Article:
No Pain, No Gain and Its Effects on Our Clients

By Marie-Christine Lochot , LMT
2015-10-7

No Pain, No Gain and Its Effects on Our Clients

By Marie-Christine Lochot , LMT
2015-10-7

The expression "no pain, no gain" got popular in the early 1980's when actress Jane Fonda started to produce workout videos. It expressed the belief that in order to get strong muscles, one must train hard and suffer over and over again. The myth has been refuted many times by doctors, physical therapists and various researchers, but it still persists. It is true that to increase muscle strength, the muscle must see some increase in stress. This should bring some discomfort, often compared to a burning sensation, but not pain. Pain during or following exercise is our body signaling that something is wrong, usually suggests an injury and warns us to stop. In "Good and Bad Pain for Athletes," Drs. Edward G Mc Farland and Andrew Cosgarea of the Department of Orthopaedic Surgery at Johns Hopkins said, "The muscles, tendons, ligaments, cartilage and bones of the body are living structures that react to the stress of exercise very slowly. If they see stress too fast, they cannot respond in time and begin to fail. Failure can be caused by too much stress too fast or by stress accumulated over time. When this occurs, each one of these tissues responds a little differently and begins to produce what we call bad pain."

This "no pain, no gain" motto has permeated different aspects of our lives, but also our massage therapy practices. As massage therapists, we have seen on our tables those athletes, professionals or weekends warriors, who push too hard, are in pain and want us to "fix it" so they can go back to their painful training. I remember seeing a client who was training for the New York Marathon. Her right achilles tendon had a "lump" the size of a marble. The tendon was obviously in some kind of distress. During her intake she did not mention it. I pointed out the lump and asked, "Does that hurt when you run?" Her answer was, "Just the first ten minutes. I push through it and then it feels better." Obviously, her endorphins were masking the pain. She completely ignored my warnings, ran the marathon in pain, could barely walk after it and ended up not being able to exercise for a few months.

There are also clients who ask us to work deeply because if they don't feel pain, they think that nothing is being accomplished or because it is what they are used to. In oncology massage, we often see clients who were going for deep massage before their cancer diagnosis. Despite the fact that they are going through grueling cancer treatments, they still want the deep techniques. It is very hard to tell them that they cannot, that it would be too much for their bodies. They don't believe that a gentle touch could feel good and help them. I had such a client a few months ago. I explained in length what I could do and not do, and why. She reluctantly agreed to it. Once the session was over she looked at me and said, "I feel really good. That gentle touch felt deep after all." And she kept coming back for more.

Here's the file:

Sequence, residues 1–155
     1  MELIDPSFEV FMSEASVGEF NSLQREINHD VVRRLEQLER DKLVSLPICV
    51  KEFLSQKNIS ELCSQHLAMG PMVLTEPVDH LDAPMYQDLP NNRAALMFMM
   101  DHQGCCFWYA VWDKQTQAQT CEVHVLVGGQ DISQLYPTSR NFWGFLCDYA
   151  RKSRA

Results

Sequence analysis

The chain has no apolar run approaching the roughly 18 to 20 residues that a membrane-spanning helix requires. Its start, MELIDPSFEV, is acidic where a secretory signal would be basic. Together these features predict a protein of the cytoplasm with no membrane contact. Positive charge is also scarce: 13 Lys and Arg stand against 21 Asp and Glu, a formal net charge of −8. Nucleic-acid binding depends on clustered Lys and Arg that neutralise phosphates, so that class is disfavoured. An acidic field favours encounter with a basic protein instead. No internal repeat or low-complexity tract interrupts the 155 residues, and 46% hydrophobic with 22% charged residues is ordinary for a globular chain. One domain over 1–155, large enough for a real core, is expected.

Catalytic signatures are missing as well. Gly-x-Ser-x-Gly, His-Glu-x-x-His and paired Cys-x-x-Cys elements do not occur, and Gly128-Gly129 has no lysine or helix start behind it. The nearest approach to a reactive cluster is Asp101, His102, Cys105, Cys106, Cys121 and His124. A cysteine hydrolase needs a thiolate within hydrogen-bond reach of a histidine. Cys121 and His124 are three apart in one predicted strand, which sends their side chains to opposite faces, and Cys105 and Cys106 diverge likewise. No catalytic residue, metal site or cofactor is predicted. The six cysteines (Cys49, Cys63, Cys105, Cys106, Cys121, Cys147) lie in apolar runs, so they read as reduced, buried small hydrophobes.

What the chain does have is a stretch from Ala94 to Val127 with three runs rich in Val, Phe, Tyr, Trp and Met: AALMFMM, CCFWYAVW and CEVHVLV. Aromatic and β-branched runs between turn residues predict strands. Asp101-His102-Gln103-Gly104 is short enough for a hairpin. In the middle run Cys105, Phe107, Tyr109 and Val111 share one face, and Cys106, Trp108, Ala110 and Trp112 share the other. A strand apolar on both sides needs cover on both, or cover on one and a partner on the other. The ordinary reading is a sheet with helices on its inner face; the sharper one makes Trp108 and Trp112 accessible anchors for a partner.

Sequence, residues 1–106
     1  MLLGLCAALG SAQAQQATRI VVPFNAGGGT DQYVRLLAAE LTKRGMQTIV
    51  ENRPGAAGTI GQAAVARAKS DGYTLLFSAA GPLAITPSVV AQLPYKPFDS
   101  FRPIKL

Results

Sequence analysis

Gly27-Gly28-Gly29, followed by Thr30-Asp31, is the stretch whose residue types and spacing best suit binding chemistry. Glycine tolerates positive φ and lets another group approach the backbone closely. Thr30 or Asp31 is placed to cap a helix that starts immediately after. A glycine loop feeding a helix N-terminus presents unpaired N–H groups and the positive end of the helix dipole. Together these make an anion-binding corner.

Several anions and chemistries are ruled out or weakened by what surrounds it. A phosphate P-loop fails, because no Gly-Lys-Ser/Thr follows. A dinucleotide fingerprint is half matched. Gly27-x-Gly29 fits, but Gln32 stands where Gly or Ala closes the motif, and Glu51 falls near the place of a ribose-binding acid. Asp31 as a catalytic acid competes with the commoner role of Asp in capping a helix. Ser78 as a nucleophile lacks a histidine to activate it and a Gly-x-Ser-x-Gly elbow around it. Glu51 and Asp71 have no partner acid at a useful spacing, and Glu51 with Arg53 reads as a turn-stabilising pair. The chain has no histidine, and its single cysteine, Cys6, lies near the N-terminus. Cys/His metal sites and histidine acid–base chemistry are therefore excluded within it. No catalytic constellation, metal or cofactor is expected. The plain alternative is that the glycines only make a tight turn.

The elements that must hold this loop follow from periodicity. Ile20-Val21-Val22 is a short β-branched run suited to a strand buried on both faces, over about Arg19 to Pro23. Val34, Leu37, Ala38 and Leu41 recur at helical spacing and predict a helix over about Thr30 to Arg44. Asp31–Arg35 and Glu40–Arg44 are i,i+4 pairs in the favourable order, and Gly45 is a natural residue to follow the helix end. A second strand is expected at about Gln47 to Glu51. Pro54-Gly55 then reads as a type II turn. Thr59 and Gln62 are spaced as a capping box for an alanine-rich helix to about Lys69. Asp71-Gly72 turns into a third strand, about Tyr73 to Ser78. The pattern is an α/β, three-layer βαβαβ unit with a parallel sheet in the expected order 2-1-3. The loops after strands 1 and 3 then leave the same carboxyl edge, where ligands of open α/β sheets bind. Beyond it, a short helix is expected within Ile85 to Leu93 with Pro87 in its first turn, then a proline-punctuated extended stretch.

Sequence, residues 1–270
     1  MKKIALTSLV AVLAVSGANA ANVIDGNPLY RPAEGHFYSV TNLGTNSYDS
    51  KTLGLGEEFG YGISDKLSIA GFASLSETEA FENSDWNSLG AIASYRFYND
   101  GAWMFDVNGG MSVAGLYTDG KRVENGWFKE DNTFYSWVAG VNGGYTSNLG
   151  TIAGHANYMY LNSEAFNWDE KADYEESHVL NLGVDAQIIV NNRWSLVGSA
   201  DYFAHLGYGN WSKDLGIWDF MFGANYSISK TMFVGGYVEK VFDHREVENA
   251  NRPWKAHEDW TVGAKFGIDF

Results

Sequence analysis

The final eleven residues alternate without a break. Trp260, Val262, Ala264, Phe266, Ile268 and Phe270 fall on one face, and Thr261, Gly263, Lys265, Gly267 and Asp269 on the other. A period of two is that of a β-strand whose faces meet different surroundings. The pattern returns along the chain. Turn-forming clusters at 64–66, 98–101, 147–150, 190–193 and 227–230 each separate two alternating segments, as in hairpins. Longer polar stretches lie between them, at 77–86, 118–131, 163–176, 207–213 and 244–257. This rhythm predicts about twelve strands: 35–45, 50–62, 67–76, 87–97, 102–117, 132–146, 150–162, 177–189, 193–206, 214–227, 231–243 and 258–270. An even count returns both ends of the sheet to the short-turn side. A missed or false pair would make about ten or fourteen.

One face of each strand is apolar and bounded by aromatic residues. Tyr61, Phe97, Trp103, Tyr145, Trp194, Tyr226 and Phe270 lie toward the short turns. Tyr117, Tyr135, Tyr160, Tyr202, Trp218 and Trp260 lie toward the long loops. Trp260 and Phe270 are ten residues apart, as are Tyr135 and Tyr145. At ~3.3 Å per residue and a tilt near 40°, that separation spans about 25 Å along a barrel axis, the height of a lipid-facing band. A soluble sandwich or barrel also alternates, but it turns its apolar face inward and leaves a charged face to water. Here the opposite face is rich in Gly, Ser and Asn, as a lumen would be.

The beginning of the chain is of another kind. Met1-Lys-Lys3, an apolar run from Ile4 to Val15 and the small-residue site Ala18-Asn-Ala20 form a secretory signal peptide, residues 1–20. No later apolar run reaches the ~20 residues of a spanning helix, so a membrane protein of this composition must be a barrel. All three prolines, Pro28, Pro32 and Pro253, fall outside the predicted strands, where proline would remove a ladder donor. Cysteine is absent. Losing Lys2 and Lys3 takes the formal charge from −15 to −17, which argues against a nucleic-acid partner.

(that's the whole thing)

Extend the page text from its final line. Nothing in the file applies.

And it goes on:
I believe that in massage therapy like in exercise, pain is not beneficial. Too often, pain is equated with discomfort, but they are far from being the same. Scott Lamp, Clinic Director of Southeastern Sports Massage wrote an article in the Massage Therapy Journal called "Working in the Optimal Therapy Zone." In that article, he said "...The Optimal Therapy Zone (OTZ) is that amount of pressure which, when applied to soft tissue with an appropriate massage therapy technique, provides optimal therapeutic results in the shortest period of time without causing undue discomfort. The OTZ is found where the pressure is enough to cause discomfort but not enough to produce voluntary or involuntary splinting of the area which is being worked..."

It is up to us, the professionals, to educate our clients so they understand the difference between discomfort and pain. That will allow them to be more in tune with their bodies when they receive a massage but also when they exercise. Let's also acknowledge that gentle touch has therapeutic effects and that deep work is not always necessary. In 2010, researchers at Cedars-Sinai Medical center in Los Angeles did a study on massage. Twenty nine healthy adults got a 45-minute session of deep-tissue Swedish massage and twenty four received a session of light massage. "Volunteers who had the light massage experienced greater increases in oxytocin, a hormone associated with contentment, than the Swedish massage group, and bigger decreases in adrenal corticotrophin hormone, which stimulates the adrenal glands to release cortisol."

"Our bodies communicate to us clearly and specifically, if we are willing to listen," said Shakti Gawain. So let's listen and help our clients do the same.